Guiding Light: Yolanda “Yogii with 2 i’s” Barnes

Photo Credit James Bass

I first heard Yolanda “Yogii with 2 i’s” Barnes do an extemporaneous motivational speech at El’Ja Bowen’s 3:10 book reading at the Arts Council downtown. Her stories trilled, dipped, pushed, and pulled. She was mesmerizing. So it was no surprise to find out her background with Toastmasters and she was obviously ingrained into the local slam poetry scene. But the more you talk to Yogii, the more expansive you realize her artwork is. And her community. And her heart.

El’Ja was kind enough to provide her intro: Yolanda A. Barnes aka Yogii With 2 I’s is an award winning Spoken Word artist, painter, and workshop facilitator. She is credited for being the first Fayetteville poet to compete in a major regional slam competition that in turn brought the city of Fayetteville visible to the Poetry Slam world. She is also the author of the book, “Y Aren’t U Listening” and the owner of Inspired Ink Creative Consulting.

What does success mean to you?

Success to me is definitely being able to not only grow myself, but to have the ones around me grow as well. So if there’s no growth in me and there’s no growth for the people around me, I’m not successful. I love being able to walk around and see all the seeds that have been planted–whether they were intentional or unintentional–and everything they have produced in the harvest; it’s been amazing. Success to me is just being able to not only do well for me, but to do well for the people around me and my community: as big as slam coming to Fayetteville on a national scene and to as small as my daughter passing her EOGs, and everything in between. 

Success is definitely not just a singular thing for me. It’s a group effort. I can’t tell you how many babies –I call all the poets, babies–how many poets I have named, or how many poets I have given counsel to, or how many poets have just come to just sit near me at a show just because, they didn’t want anything, they just wanted to sit there. Then they grow out and branch off into these trees, these teams, they leave the state, they go do other things, but that stem is still rooted, what they learned. And those are things that are beautiful to me.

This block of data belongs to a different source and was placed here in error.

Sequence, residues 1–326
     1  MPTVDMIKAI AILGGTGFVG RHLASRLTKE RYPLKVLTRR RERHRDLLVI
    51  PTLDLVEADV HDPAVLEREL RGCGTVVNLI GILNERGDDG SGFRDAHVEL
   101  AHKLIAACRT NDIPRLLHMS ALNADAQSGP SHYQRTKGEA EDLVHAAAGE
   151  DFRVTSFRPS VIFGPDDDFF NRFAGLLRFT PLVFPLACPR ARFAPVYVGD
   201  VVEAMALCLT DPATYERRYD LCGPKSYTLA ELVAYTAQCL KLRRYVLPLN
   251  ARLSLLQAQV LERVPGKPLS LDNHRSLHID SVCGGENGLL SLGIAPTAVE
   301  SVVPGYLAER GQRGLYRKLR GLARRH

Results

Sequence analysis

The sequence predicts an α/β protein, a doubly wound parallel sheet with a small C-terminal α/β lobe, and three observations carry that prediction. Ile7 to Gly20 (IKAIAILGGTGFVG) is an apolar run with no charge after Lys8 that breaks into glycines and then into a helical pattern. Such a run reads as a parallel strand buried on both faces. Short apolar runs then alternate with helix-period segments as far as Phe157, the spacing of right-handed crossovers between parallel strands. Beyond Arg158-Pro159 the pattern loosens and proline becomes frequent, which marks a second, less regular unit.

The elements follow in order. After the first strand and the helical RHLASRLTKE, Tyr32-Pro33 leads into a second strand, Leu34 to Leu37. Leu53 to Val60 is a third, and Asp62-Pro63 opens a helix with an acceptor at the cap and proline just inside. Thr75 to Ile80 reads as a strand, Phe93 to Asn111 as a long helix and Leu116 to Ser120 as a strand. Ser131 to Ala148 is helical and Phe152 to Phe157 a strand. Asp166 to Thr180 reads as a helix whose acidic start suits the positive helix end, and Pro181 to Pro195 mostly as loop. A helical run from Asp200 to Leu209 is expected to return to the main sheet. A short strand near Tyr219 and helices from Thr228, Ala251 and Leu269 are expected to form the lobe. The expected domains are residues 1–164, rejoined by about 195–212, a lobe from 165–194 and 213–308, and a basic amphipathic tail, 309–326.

Becoming a mother with a preemie baby– now a vibrant creative tween– changed how Yogii thought of success and her own artistic practice. 

I was no longer Yogii the poet that I had been prior. My complete and utter life flipped on its head. I felt the death of me. I felt like my voice was no longer the same as it was before. I honestly was grappling with how do I become this mother? And how do I continue to live in the shell of what I was? And there’s no real way to do that. The butterfly doesn’t have a choice of staying kind of in. And so I had no choice but to become that butterfly. It’s still every day deciding to be that butterfly and not go back to the Caterpillar.

But I got a chance to see myself and to deal with me in a way that helps me grow and become more successful in the process. It was different; my poetry was different. I was everything from angry to sad to hopeful and yet melancholy at the same time. It was just a mix of things that I hadn’t felt all at one time. Some days are better than others, but I’m better for that process everyday.

Photo Credit Eric L. Brim

What changes in your audience do you seek to make with your art?